Even today, says Paul, when Moses is read (meaning the Old Testament books of the Bible where God laid down his various commands and decrees) and misunderstood by anyone to be a performance-based system to achieve rightness with God or a do-it-yourself manual for eternal salvation, a veil covers their hearts which keeps Christ from entering. However, whenever anyone turns to Jesus Christ, the oppressive veil of the Law as a means of salvation is lifted.

“Now the Lord is the Spirit, and where the Spirit of the Lord is, there is freedom.” Point: When the Holy Spirit brings us to understand the Gospel, the result is freedom. Freedom from the Law as an impossible way of salvation; and because salvation is a gift through Jesus Christ, freedom to serve the Lord joyfully, willingly and without compulsion. This can’t help but have an effect on us, which Paul now mentions:

“And we, who with unveiled faces all reflect the Lord’s glory, are being transformed into his likeness with ever-increasing glory, which comes from the Lord, who is the Spirit.”

The result of knowing Jesus as our Savior is that we, out of love for him, change. We grow in our life of Christian sanctification (meaning, we do his will more and more in grateful appreciation for what he’s done for us). As growing, grateful Christians we become more and more like our Master and grow more and more Christ-like in our actions and attitudes. Doesn’t happen all at once. And we will have setbacks along the way, because the devil, the world and our own sinful flesh do not yield easily. But we have a new trajectory.

And as we stay close to Christ, this transformation will go on until that day we see him face to face in heaven. There we will be completely changed. The Apostle John tells us when we are in heaven we will be just like him – perfect in every way.

Paul wraps up everything he has told us and draws a conclusion as it pertained to his ministry, and on a broader level, how it pertains to every Christian. “Therefore, since through God’s mercy we have this ministry (we could say, this understanding), we do not lose heart.”

In the time we have left let’s zero in on three specific areas that Paul talks about; three specific areas where the Gospel changes us and transforms us.

First, the Gospel makes us very bold. Earlier I stated that boldness means being confident of where we stand and unafraid of where we are going. So where do we stand? We stand in God’s grace as God’s children redeemed by Jesus Christ. Along with that comes the boldness of knowing our Lord never leaves us or forsakes us. The boldness of knowing he has called us by name and we are his.  The boldness of knowing not a single hair falls from our heads without our Heavenly Father’s permission and oversight.  The boldness of being able to approach the throne of grace and communicate directly with none other than the King of Kings and Lord of Lords.  Such is the boldness that is ours in life.

And such boldness continues in our death.  We know where we’re going.  Not because we’ve never sinned or because we have always been paragons of virtue, but because of Christ – “the lamb of God who takes away the sin of the world.”  The second verse of the beloved hymn, “Jesus Thy Blood and Righteousness” comes to mind:

Bold shall I stand in that great day, who can a word against me say?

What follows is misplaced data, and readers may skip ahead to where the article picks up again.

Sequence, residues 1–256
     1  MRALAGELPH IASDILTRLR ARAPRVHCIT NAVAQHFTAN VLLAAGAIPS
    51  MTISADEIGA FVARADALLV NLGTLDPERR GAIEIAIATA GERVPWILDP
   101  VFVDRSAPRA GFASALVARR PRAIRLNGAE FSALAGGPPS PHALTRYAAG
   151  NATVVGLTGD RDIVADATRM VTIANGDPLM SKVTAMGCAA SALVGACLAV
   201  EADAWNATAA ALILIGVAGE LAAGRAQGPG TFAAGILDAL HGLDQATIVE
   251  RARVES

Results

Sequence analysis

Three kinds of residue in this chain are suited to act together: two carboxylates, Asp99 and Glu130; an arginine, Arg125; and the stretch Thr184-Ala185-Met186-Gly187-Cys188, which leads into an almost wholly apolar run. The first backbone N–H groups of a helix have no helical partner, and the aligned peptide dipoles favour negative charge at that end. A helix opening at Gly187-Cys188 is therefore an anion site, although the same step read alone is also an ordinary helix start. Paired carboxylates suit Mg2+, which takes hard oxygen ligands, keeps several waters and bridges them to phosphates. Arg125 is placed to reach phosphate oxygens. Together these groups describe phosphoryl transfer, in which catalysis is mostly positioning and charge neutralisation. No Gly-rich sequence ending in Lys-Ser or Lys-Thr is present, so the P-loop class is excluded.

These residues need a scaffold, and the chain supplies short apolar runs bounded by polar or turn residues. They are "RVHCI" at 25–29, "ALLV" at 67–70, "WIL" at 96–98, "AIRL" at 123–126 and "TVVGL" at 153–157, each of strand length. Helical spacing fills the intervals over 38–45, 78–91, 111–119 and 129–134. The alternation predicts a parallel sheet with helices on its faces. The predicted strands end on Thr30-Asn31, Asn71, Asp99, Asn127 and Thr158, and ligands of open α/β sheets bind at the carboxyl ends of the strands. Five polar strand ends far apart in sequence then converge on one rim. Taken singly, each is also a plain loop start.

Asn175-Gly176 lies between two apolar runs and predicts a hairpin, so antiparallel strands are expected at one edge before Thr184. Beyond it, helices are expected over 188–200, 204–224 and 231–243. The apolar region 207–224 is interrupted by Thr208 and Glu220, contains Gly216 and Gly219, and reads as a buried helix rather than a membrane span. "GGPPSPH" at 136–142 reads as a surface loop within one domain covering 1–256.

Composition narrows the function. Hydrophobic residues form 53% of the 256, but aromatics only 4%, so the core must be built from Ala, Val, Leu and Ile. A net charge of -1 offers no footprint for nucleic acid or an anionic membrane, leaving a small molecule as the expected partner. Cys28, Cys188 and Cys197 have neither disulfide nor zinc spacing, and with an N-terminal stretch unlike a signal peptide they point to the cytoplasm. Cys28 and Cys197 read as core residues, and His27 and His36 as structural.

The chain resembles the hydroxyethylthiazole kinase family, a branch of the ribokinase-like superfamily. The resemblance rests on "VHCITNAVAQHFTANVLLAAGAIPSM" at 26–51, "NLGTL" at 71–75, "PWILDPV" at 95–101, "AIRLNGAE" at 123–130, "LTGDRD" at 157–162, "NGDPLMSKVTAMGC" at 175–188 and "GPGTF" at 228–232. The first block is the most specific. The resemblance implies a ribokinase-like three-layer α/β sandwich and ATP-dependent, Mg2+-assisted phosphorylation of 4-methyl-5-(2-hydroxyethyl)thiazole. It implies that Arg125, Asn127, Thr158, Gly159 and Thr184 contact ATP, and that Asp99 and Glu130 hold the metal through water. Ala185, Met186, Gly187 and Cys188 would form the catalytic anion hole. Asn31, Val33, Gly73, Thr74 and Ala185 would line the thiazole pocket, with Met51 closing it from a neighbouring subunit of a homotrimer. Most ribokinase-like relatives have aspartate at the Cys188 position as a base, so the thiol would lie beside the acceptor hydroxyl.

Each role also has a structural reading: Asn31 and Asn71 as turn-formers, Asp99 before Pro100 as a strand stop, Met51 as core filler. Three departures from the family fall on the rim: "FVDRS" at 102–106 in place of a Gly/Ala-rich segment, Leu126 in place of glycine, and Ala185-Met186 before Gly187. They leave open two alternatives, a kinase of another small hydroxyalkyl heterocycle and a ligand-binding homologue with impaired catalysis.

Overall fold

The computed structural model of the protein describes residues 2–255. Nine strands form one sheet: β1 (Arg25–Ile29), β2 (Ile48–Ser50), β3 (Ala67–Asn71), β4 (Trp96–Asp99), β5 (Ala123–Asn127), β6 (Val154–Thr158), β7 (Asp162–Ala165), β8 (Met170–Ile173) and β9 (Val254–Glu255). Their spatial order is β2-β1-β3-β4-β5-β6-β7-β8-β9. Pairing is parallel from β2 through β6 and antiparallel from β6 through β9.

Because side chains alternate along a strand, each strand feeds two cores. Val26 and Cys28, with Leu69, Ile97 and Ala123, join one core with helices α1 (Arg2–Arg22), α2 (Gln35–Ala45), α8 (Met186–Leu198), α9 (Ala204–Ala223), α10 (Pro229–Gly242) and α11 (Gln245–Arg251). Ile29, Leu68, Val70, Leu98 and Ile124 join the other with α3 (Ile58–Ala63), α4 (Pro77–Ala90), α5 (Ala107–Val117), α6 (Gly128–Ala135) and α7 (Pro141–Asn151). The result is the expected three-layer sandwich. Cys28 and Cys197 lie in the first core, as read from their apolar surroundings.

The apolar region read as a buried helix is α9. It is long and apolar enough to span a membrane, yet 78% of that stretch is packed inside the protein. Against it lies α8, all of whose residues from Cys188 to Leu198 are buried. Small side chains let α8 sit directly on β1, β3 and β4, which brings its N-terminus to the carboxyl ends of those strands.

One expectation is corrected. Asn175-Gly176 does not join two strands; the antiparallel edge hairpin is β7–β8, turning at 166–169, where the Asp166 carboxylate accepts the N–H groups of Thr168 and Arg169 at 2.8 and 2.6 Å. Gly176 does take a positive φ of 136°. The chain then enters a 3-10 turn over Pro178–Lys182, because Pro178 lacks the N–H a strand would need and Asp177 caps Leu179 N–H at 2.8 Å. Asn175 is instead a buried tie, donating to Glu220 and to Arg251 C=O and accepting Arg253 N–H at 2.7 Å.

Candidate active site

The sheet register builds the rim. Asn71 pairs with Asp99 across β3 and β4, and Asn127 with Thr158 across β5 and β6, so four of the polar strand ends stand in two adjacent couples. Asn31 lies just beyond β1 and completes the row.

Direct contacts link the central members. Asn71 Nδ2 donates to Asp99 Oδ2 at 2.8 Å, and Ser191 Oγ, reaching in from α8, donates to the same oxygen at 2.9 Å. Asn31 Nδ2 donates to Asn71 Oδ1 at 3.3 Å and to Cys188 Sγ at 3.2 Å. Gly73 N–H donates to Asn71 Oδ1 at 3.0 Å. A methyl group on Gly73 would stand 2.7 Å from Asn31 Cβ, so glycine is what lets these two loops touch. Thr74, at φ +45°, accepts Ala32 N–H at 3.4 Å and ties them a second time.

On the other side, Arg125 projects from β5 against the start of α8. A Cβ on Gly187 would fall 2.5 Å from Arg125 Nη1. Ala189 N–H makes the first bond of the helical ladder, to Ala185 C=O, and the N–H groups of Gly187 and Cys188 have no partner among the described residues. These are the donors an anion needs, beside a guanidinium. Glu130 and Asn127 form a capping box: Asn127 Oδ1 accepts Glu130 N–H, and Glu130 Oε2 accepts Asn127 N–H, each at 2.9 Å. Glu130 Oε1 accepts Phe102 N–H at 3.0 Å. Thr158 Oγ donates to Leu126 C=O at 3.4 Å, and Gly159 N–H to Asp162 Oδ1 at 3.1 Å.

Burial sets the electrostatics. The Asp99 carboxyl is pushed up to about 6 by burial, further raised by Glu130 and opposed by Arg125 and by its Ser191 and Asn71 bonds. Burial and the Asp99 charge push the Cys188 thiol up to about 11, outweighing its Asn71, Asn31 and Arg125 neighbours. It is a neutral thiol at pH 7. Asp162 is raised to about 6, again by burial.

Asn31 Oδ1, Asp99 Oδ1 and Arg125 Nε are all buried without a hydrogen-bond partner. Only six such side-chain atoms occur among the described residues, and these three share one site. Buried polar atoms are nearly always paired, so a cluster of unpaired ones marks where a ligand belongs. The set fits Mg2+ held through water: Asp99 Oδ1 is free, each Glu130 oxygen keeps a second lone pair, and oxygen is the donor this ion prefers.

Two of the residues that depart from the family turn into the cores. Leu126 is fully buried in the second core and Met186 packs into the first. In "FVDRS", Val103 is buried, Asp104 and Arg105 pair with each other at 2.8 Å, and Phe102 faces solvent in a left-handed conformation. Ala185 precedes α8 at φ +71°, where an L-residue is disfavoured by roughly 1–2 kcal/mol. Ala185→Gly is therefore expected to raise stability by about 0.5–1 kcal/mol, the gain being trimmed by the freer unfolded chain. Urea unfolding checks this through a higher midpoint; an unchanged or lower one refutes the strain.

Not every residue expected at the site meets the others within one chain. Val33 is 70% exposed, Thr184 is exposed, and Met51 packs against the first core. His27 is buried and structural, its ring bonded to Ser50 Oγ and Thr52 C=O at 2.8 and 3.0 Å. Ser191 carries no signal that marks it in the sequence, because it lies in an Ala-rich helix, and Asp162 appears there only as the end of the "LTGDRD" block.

Fully through you absolved I am, from sin and fear, from guilt and shame.

Secondly, Paul talks about freedom.  Jesus once said, “You shall know the truth and the truth shall set you free.”  Jesus is that truth, and knowing him gives us freedom.  Freedom from worry.  Freedom from the fear of death.  Freedom from fear of the future.  Freedom from the fear that our lives are somehow unimportant or insignificant. But most importantly, as Paul points out in today’s test, freedom from the Law as a way of salvation.  The Psalmist (130) asks, If you, O Lord, kept a record of sins, O Lord, who could stand?”  In other words, if our salvation depended us being the sinless beings God asks us to be, we have zero chance for eternal life. But the Psalmist then answers: But with you there is forgiveness, therefore you are feared”  (that is: respected, revered, loved).  And that forgiveness is wrapped up in the person of Jesus Christ. 

And because we have him in our lives, we do not lose heart. That’s the third and final change Paul tells us the Gospel message brings about. And we need to hear that, because it is easy to lose heart today. Despite all kinds of modern-day conveniences and technology, we still experience sickness and pain. We still experience loss and loneliness.  We still feel discouragement and disappointment. There are days when we know great joy, but there are also days when we know great sorrow. There are days when we are rejuvenated and full of optimism, but there are other days we feel like throwing in the towel.

Yes, there are those days. But there are no days when Jesus is not present in our life, guiding, directing, overseeing. There are no days which wipe out what Jesus did for us on Calvary. There are no days when Jesus withdraws his promise to be with us always. And when we focus on that, like Paul (who had his shares of ups and downs), we do not lose heart.

On the Mount of Transfiguration Jesus was changed. He wasn’t the only one. Knowing him changes us. Because of him, we are bold, free, encouraged and saved…Liberated to go forward through life rejoicing in our transformation from sinners to saints; happily compelled each day to reflect in our faces, lives and attitudes the change that the Spirit has worked within us, as we look forward to the glory that has been revealed to us.  Amen.